# Choice of Particular Solution for an inhomogeneous ODE

Some advice/guidance required...

Given the following problem:

$$y'' - t^2 y = a\cos(tx)+b\cosh(t x),$$ where $$y(0) = 1, y(1) = 2$$

The method I am using is as follows:

1) Solve the related homogeneous equation (gives $y_c = A\cosh(tx) + B\sinh(tx)$)

2) Use a particular solution to generate the general solution ($y_g = y_c + y_p$). The particular solution I am using is $$y_p = C\cos(tx) + D\cosh(tx)$$

The question I have is, am I using the correct $y_p$ ?

I don't get the solution I require so I suspect I'm using an incorrect $y_p$ but I'm not sure why?

Also, firstly, as $\cosh(t x)$ is used within $y_c$ do I need to 'adjust' it within $y_p$ with another constant to allow the Math to work? This would give $$y_p = C\cos(tx) + D w \cosh(tx)$$ Where I have added the constant $w$.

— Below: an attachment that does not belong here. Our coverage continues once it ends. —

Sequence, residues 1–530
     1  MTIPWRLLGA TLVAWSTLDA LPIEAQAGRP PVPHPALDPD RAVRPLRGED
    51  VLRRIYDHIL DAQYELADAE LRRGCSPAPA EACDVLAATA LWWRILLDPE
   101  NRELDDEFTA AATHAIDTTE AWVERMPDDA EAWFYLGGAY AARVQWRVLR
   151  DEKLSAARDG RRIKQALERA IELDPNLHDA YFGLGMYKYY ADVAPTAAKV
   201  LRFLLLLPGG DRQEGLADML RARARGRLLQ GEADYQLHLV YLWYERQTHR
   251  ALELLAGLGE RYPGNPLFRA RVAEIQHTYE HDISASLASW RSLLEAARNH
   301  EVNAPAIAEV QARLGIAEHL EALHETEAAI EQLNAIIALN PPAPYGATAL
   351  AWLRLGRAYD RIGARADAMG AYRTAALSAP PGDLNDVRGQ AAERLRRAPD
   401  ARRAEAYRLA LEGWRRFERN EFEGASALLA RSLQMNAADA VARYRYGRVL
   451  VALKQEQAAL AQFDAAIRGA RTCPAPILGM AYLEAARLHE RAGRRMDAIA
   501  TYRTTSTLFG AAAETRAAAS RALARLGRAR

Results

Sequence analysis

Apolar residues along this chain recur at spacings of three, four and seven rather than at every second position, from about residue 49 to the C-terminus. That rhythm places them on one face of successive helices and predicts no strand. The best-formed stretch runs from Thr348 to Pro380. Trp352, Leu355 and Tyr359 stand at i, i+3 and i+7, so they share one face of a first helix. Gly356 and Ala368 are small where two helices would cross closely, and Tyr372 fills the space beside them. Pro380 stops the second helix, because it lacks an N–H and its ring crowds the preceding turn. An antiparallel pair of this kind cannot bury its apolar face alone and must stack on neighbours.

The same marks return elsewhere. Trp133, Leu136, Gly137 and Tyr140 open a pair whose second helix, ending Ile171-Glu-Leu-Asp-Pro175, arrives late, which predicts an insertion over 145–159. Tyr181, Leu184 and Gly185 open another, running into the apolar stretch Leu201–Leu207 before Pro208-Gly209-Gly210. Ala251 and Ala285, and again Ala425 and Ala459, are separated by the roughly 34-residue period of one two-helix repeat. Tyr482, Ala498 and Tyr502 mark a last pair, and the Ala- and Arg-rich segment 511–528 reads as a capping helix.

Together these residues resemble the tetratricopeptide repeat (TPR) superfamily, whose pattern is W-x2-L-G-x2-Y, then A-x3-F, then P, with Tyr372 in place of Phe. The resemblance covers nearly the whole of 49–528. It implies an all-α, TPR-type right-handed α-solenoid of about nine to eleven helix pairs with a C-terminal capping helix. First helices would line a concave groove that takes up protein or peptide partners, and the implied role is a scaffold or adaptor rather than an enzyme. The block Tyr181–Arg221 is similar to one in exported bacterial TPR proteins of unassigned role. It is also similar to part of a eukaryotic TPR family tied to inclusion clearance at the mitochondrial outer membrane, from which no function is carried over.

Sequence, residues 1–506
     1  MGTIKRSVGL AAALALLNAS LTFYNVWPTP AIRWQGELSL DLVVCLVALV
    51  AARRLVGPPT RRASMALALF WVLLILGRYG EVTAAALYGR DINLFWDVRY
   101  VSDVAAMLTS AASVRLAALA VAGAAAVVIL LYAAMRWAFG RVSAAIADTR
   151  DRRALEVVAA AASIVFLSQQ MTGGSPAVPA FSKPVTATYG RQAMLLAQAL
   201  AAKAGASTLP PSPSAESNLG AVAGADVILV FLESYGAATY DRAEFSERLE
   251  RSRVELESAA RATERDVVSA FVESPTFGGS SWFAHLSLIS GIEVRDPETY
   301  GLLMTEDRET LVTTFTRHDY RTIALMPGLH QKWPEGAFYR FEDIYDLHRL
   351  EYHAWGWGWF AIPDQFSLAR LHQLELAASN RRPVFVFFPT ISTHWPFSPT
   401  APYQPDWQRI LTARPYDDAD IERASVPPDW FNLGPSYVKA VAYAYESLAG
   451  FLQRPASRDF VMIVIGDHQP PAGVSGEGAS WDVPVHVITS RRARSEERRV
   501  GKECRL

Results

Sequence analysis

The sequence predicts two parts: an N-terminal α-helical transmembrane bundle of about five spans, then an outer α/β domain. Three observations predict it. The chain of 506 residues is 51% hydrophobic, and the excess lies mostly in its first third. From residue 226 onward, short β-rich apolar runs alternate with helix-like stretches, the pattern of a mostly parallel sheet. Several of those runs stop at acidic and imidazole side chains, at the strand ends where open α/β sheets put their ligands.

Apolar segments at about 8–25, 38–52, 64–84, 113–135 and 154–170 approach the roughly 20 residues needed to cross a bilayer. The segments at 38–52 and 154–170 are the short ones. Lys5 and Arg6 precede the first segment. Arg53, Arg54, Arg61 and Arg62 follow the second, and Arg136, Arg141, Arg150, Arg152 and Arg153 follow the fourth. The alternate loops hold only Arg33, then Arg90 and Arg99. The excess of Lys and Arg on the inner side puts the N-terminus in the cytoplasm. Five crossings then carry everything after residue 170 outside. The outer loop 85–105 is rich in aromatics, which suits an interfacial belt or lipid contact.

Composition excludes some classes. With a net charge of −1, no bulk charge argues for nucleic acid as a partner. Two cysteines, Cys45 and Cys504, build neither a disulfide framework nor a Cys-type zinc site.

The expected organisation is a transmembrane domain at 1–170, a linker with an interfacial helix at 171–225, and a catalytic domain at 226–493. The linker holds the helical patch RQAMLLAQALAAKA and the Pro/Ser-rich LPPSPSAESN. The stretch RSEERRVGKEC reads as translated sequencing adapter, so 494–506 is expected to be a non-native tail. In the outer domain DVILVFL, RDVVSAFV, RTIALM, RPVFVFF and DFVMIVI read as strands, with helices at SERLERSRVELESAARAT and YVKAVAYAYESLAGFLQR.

Or... should I be taking $a\cos(tx)$ and $b\cosh(t x)$ seperately and solving for each to give $y_{p1}$ and $y_{p2}$ and then adding to get $y_g = y_c + y_{p1} + y_{p2}$ ?

Thank you in advance for any pointers.

## 2 Answers

Any correct particular solution is as good as any other. If I substitute yours into the equation $y_p''-t^2y_p=-Ct^2\cos(tx)+Dt^2\cosh(tx)=-Ct^2\cos(tx)-Dt^2\cosh(tx)=-2Ct^2\cos(tx)$ which doesn't solve the equation.

You can certainly find particular solutions for each term on the right. When I feed the first to Alpha I get $y_p=\frac a{2t^2}cos(tx)$ and the second gives $y_p=\frac {bx}{2t}\sinh(tx)$

• Your a star - thankyou. – Mike Apr 3 '13 at 14:14

Note that, since the Wronskian equals to $t$, then it is easier to use the variation of parameters method.

• Great - thankyou. – Mike Apr 3 '13 at 14:20
• @MikeShaw: You are welcome. – Mhenni Benghorbal Apr 3 '13 at 14:23